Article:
The atonement is the death of the Lord Christ erasing the guilt and remitting the penalty of sin for all who believe. Healing is simply the practical extension of the Lordship of Christ over the effects of sin, ameliorating those temporal effects where ever we can. All pain and suffering are the results of sin, sometimes direct, often indirect. But Christ has come to reassert his dominion over his creation, usurped by Satan. This reassertion will be complete when Christ returns and every tear will be wiped away. But even now we give testimony to its coming reality by ministering his love to whomever we can touch. That is why the Church has ever been active in setting up hospitals and orphanages and soup kitchens. In those organized ministries of mercy or in the individual giving merely a cup of cold water in Jesus' name, we like the first disciples show that the Good News we preach is more than just words.
Now, we no longer live in the time of the Apostles, who had gifts of miraculous healing. Though God still heals, sometimes miraculously, we do not have the apostolic authority to wield that power at will. But we are to do what God enables us to do. You may not have the opportunity to exorcise demons, but you can oppose Satan and all his works and everything he stands for at every level, from personal habits to politics. You may not have the gift of miraculous healing, but you can visit the sick, the elderly, or the prisoner with encouragement. You can care for an invalid relative. You can open your home to an unwed mother. You can support those organized ministries that try to help people in need. You can put your arm around a suffering friend instead of passing by in embarrassment. You can offer a cup of cold water in Jesus' name. You can do something to bring healing to a fallen and sin ravaged world. And this is our calling just as much as preaching the Gospel is; it is in fact part of preaching the Gospel, never to be separated from it. For once we have allowed that separation, we have lost our credibility as disciples of the One who said, "Repent, for the kingdom of heaven is at hand" and who sent his disciples out to preach and to heal. We have a Word to speak and a Work to do and they must always be kept together, for the Work is the Word lived and the Word is the Work explained. All this is simply to preach the gospel of redemption from sin through the blood of Jesus Christ and to live as if we actually thought he really was Lord. We must work for what he worked for, preach what he preached, and oppose what he opposed. And this is the calling of the individual Christian and of the corporate Church still, and will be until Christ comes.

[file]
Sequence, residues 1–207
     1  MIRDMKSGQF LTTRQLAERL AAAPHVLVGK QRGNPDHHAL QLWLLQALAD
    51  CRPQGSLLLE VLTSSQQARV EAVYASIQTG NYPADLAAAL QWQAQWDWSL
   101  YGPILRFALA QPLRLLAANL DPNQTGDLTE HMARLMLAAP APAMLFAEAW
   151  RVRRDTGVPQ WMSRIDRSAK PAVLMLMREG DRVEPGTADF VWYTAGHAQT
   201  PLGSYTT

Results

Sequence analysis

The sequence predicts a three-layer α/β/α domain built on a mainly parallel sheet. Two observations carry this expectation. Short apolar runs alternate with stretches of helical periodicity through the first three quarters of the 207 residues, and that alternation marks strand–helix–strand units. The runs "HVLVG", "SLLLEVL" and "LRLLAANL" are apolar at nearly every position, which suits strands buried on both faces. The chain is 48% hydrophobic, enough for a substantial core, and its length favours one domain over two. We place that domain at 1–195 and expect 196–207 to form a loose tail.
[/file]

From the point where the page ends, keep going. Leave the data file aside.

The Lord's instructions for his disciples in this mission teach us something about our conduct with reference to people in general, with reference to our fellow believers, and with reference to those who oppose us.
"Take nothing for your journey, neither a staff, nor a bag, nor bread, nor money, and do not even have two tunics apiece. " Why did Jesus forbid his disciples to take anything for their journey, including even a bag? What was the point of this? It has nothing to do with traveling without a suitcase. The word translated "bag" is the Greek pera, which refers to a very particular kind of bag. The pera was a beggar's bag, where he would put the money he had collected. There were traveling preachers in the ancient world, religious hucksters who went around begging as they preached. They were notorious. I think Jesus wanted the disciples to bend over backwards not to look like these people. To translate this into contemporary terms, evangelists should not be asking non-Christians for money--even if they have to do without necessary things! We may share our needs with God's people and accept their support. But the last thing an unbeliever needs to be hearing from us is an appeal for money that will reinforce his belief that money is what we are really after! How dare we make appeals for money on religious television, especially when the programming is evangelistic in nature? For such programs are broadcast to the general public. Those televangelists who do so (not all of them do) might as well be wearing a pera, a begging bag, around their necks! They are disobedient to the Lord's command, and they bring the Gospel into disrepute and cause the enemies of God to blaspheme.